A chummy history of how Churchill became Prime Minister
Six Minutes in May: How Churchill Unexpectedly Became Prime Minister - Nicholas Shakespeare

The selection of Winston Churchill as Neville Chamberlain's successor in May 1940 is regarded today as one of the most pivotal moments of the 20th century. With his elevation to the premiership Britain was committed to a course of action in the Second World War that ended with victory over Nazi Germany. Given his role in the Allied triumph and subsequent anointing as the greatest Briton ever, such a choice can be perceived as inevitable. Yet was it?

One of the great merits of Nicholas Shakespeare's account of the events surrounding the decision is in his detailing the views of the key actors in the spring of 1940 and the choices available to them. In the process, not only does he demonstrate that Churchill's selection was far from ordained, but he also shows that it was more than a simple choice between Churchill and Lord Halifax traditionally described in most accounts of the event. As Shakespeare explains, ministers and Members of Parliament had several alternatives available to them. For many of them, Churchill was an unacceptable choice for the top post given his recklessness and adventurism, while others seemed much more appealing candidates. Even the very notion that Chamberlain needed to be replaced because of the military debacle in Norway the month before was not generally accepted, and only emerged over the course of the "Norway debate" and the subsequent division that exposed the weakness of Chamberlain's support.

To detail the events of May 1940 and uncover the thinking of the various people involved Shakespeare went beyond the traditional accounts in memoirs and biographies and undertook additional archival research and interviews. This he knits together in a narrative to which he brings all his skills as a novelist, making for an account that is highly engaging. By comparing the at times conflicting accounts and retrospective explanations, he has produced a very detailed description of how it came down in the end to Churchill. Yet it is also an incredibly chummy account, focusing almost exclusively upon the actions and decisions of a select group of elite men (and even a couple of women). While this is understandable given the small circle of people in politics and media at the time, the weaknesses in this approach are more evident in the account of the Norway disaster that precedes it. Given its importance to the events that followed Shakespeare spends a third of the book describing its failings, yet his account of events rarely strays beyond the experiences of key officers and government officials, creating the impression that it was merely their personal experiences which drove their objections to Chamberlain rather than the broader defeat that informed their criticisms of his handling of the war.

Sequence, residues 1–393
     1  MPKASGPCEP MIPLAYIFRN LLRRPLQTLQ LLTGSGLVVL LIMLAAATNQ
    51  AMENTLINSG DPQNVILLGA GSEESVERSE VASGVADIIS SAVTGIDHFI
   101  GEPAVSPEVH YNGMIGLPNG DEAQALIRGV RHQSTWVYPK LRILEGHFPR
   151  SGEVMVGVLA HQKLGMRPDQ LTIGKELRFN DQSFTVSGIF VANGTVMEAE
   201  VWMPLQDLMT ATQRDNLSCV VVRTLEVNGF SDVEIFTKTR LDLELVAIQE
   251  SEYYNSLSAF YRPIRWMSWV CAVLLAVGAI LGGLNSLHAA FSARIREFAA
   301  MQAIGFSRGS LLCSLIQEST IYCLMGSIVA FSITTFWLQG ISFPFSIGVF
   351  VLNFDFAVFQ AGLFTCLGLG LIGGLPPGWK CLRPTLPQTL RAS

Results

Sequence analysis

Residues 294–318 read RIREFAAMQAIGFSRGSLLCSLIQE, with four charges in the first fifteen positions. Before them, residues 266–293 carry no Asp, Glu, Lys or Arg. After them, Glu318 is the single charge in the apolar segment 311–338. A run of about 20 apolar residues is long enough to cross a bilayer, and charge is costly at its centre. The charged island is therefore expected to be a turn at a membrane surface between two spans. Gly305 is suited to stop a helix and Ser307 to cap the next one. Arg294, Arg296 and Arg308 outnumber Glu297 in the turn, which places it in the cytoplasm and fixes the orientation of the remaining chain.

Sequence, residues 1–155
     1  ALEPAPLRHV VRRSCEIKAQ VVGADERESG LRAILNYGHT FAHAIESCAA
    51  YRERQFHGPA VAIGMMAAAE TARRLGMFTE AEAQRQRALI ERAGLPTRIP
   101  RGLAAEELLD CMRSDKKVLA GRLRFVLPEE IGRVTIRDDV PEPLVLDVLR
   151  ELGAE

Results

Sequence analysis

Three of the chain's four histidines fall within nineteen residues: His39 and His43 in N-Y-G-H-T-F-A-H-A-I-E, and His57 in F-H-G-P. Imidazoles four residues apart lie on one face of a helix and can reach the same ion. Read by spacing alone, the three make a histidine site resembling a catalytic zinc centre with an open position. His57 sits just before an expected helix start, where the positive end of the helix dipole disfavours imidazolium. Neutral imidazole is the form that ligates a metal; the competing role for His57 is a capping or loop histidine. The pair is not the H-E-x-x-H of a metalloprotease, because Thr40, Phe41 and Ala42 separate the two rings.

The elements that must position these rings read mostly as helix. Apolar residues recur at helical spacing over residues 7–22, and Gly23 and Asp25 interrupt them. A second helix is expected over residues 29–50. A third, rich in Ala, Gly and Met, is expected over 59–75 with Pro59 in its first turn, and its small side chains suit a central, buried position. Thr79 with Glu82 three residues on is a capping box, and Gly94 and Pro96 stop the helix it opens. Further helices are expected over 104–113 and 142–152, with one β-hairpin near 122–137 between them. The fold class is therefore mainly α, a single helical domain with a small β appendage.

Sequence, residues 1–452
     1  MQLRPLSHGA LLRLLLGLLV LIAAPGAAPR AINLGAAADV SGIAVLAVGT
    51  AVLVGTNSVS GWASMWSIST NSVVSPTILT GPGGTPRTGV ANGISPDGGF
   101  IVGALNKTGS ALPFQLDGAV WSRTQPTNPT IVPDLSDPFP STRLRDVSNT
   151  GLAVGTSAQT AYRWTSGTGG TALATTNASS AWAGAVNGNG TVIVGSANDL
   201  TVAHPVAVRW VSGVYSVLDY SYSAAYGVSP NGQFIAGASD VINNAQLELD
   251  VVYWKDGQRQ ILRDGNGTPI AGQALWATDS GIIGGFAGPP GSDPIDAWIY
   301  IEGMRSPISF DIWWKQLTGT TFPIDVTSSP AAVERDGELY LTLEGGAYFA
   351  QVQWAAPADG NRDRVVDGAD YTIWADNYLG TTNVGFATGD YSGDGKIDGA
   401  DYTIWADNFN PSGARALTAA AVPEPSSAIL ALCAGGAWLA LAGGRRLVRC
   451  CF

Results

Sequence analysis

By narrowing his focus to a group of elite figures (one that includes his own uncle), Shakespeare trivializes the motivations of many of the men involved in the decision to turn out Chamberlain. It's a glaring flaw in what is in many respects an excellent book, one that details the chain of events that would define the course of world history. It is especially unfortunate, given that Shakespeare's extensive research and ability as a writer have produced what is the best account yet of how Churchill became prime minister in those fateful weeks in the spring of 1940. Its weaknesses, however, cause it to fall short of the definitive account it could have been with just a broadening of its scope.

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review 2018-07-21 15:00
No bullshit romance
Silver Silence - Nalini Singh

Big thanks to Ceridwen and her guidance, because I really liked this one.

 

The world is rich but understandable enough, and the author does not go for info-dumping to ensure it. So, from my point of view, extra kudos for being self-contained.

 

I don't know how the romance works in other volumes, but there were a lot of positives for me in this one:

 

- There is a very alpha male. He's very protective, sure. But he's respectful. And he wants his mate to be his equal. Everyone equates capacity for being alpha with capacity for love.

 

- Consent is a huge thing in-world. At some point, the main male character says consent once does not imply consent again. Like wow, how come we don't see that often. So sexy.

 

- Main female character is BAMF. Actually, everyone is BAMF, even the grandmother. World of BAMF. But what I like is that it is in a quiet way. We don't see her engage in any huge display of power here, but it's always there, in the dialogue, her hyper-competence, the way she attends to her looks and literally calls it armor, the no-bullshit directness.

 

- Directly related to that one, the way the romance progresses in a no-bullshit way. Given the uber-praticality of anyone in Silence, and Valentin's commitment it makes sense. It translates into fast paced and big on communication. There are hurdles, but it's more an external, plot related thing. Little to do with hysterical angsty push and pull. Like I said, no bullshit. Such a relief.

 

I don't know that I will love all of the books in this series, but what I see I like, and will certainly read more Singh soon